The Belgian Senate is to re-open hearings on whether to change the country's law on euthanasia and make it available to people under 18.
Euthanasia for adults has been legal in Belgium since 2002.
There has been pressure for the policy to be also open to minors.
As the Belgian law currently stands, adults who want euthanasia must repeatedly and explicitly show their willingness to end their life.
They must also prove that their decision was taken without external pressure.
Doctors must be certain the pain they are suffering, whether physical, psychological or both, is caused by a serious and incurable condition, and is constant, unbearable and cannot be mitigated.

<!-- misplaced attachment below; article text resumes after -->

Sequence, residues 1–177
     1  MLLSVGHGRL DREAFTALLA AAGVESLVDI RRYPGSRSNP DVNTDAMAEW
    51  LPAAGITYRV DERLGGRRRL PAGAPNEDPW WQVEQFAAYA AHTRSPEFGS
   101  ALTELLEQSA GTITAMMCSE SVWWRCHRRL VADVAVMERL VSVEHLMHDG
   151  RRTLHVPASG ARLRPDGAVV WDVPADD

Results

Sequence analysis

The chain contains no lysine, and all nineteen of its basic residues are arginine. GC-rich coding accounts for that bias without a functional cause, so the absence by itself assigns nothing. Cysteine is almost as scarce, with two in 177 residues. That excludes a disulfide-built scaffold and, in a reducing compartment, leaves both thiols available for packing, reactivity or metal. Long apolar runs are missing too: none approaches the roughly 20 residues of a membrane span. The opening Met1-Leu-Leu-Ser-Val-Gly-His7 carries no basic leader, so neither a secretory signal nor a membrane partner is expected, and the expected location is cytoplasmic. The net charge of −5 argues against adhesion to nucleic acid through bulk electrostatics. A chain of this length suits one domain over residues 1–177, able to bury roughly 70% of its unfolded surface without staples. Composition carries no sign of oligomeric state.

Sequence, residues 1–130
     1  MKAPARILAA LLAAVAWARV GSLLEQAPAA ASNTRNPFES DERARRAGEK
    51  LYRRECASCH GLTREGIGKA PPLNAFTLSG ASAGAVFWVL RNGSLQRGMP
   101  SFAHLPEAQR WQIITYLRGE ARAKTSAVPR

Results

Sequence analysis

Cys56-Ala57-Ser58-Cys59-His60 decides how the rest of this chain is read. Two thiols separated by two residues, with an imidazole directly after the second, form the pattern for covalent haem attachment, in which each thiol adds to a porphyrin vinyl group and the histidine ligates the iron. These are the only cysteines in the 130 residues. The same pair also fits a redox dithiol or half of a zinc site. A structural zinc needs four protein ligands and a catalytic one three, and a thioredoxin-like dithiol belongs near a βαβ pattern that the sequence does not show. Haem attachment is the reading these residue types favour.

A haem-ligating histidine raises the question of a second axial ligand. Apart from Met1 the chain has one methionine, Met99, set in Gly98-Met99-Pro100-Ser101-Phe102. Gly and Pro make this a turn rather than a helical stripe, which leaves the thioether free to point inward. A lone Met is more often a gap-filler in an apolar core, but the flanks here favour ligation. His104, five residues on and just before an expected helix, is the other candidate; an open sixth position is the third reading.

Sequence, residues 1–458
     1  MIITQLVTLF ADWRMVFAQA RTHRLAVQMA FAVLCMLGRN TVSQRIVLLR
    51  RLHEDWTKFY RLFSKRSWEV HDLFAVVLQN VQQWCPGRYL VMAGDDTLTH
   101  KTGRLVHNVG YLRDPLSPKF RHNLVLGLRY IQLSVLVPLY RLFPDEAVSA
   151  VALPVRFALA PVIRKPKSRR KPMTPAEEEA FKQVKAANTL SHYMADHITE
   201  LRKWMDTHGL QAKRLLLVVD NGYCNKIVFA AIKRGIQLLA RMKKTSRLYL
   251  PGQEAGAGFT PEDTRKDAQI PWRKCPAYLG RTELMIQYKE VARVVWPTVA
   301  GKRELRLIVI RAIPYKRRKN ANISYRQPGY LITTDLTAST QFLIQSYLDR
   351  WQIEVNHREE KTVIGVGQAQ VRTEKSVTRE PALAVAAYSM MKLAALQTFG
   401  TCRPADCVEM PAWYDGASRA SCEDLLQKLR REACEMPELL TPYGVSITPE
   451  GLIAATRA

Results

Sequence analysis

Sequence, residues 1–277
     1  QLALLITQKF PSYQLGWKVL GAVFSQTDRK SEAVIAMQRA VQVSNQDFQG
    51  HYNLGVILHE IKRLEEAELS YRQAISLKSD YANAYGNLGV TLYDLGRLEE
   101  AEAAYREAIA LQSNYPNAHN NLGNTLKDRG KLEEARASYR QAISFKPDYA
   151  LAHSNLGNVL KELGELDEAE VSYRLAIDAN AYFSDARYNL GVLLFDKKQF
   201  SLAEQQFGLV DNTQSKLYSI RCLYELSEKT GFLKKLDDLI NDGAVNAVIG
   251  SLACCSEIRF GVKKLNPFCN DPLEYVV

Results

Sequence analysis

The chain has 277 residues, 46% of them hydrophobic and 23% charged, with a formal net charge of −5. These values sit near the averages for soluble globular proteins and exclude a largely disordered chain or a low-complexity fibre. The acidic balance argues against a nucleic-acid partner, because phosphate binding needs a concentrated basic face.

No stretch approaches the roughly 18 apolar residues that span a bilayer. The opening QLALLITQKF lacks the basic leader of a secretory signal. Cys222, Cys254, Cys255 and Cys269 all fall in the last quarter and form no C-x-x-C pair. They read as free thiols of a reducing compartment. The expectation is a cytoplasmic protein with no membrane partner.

Failure to abide by procedures leaves doctors open to be charged with murder if they perform euthanasia.
The political debate has not been focused on whether or not there should be a relaxation of the law, but rather on what conditions might apply.
Some doctors practising in Belgium have given evidence that euthanasia is already being performed on minors.
They have argued that legislators need to afford them legal protection.
However, there have also been strong arguments from some medical professionals and Catholic-run hospitals that euthanasia is wrong, and the current law should not be expanded.